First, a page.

The Economic Empowerment Series

Part II
Dr. King’s Fight for Economic Justice

Never before in our country has economic empowerment in minority communities been more vital.

But in order to be empowered financially, it is important that we develop a well-thought-out approach to economic freedom. It will not happen overnight. It takes time, patience, and understanding. 

So, in what direction can we look in order to gain the wisdom necessary to achieve our economic goals?

We can look to the past and follow the words and actions of a few of the greatest minority advocates that our world has ever seen, one of which is Dr. Martin Luther King Jr., who dedicated part of his freedom fight to the economic empowerment of black people across the country.

It is a lesser known fact that towards the end of his life and fight for social justice, Dr. Martin Luther King Jr. was turning his energy toward the fight for economic empowerment. 

Just weeks before his death in 1968, King was preparing to launch a Poor People’s Campaign as a tool to gain economic justice for black people in America. To this end, King Jr. gave a speech in Detroit called “The Other America” where he addressed the connection between inequality in jobs and justice.

In this speech Dr. King metaphorically describes two Americas that exist alongside one another. The first is “the habitat of millions of people who have food and material necessities for their bodies; and culture and education for their minds; and freedom and human dignity for their spirits[…]And in this America millions of young people grow up in the sunlight of opportunity.”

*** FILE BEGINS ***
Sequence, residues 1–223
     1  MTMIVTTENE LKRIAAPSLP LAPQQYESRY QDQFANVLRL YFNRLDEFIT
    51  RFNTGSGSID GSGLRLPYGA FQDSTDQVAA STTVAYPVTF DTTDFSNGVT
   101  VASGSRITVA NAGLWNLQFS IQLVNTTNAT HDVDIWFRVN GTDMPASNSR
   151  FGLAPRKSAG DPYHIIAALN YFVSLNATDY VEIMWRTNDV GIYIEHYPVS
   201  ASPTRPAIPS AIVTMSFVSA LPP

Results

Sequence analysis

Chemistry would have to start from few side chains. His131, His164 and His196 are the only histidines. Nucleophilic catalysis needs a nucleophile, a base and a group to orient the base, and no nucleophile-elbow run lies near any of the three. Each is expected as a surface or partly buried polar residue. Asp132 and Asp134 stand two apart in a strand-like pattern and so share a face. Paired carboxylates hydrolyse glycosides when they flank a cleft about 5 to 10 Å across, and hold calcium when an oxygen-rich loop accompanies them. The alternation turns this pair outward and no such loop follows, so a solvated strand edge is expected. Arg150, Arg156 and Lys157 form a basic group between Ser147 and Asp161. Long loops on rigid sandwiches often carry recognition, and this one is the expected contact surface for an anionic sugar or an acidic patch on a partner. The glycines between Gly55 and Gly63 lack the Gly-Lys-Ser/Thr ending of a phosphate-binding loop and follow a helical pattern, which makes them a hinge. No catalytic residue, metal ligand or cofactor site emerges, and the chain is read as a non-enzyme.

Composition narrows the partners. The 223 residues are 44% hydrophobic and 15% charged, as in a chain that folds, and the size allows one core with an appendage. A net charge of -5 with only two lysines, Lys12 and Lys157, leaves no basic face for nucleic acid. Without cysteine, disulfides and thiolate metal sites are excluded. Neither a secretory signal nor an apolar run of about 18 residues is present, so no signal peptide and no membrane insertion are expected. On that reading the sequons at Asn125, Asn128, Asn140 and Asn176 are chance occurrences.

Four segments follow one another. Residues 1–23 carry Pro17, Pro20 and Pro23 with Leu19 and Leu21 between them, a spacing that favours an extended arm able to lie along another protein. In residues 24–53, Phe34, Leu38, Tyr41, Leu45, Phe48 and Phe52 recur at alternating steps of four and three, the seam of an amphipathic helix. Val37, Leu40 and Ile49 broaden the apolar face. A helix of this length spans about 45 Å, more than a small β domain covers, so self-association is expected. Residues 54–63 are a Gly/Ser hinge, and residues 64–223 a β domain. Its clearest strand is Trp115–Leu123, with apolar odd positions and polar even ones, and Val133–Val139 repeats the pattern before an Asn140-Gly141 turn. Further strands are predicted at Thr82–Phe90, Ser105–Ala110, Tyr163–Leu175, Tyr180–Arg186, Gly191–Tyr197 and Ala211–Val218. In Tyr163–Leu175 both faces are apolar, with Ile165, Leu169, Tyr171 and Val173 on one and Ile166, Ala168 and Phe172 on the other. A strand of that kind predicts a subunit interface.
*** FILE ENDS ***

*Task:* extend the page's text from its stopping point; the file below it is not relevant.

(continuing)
The second America, he explains, is the place where the nation’s citizens live in poverty. He mentions the several races occupying this America, including poor white people and LatinX people, before characterizing the Black American experience: 

“The American Negro finds himself living in a triple ghetto. A ghetto of race, a ghetto of poverty, a ghetto of human misery.”

So often we forget the inextricable link between economics and social justice. In fact, the two have always been connected to each other. For example: the full name of the 1963 March on Washington is The March on Washington for Jobs and Freedom.

The March also had 10 key demands, two of which were directly related to economics:

DEMAND 7 – A massive federal program to train and place all unemployed workers — Negro and white — on meaningful and dignified jobs at decent wages.

DEMAND 8 – A national minimum wage act that will give all Americans a decent standard of living. (Government surveys show that anything less than $2.00 an hour fails to do this.

In 2020, as we continue to fight for social justice and racial equality, let us not forget that this world also spins on the axis of self-preservation.

The fight for economic justice in the United States is a fight that digs deep. It addresses how one came to have and the other is without. It will undoubtedly leave a void for some who have scarcely felt fear.

This fight goes just beyond the social contract and far beyond comfort.

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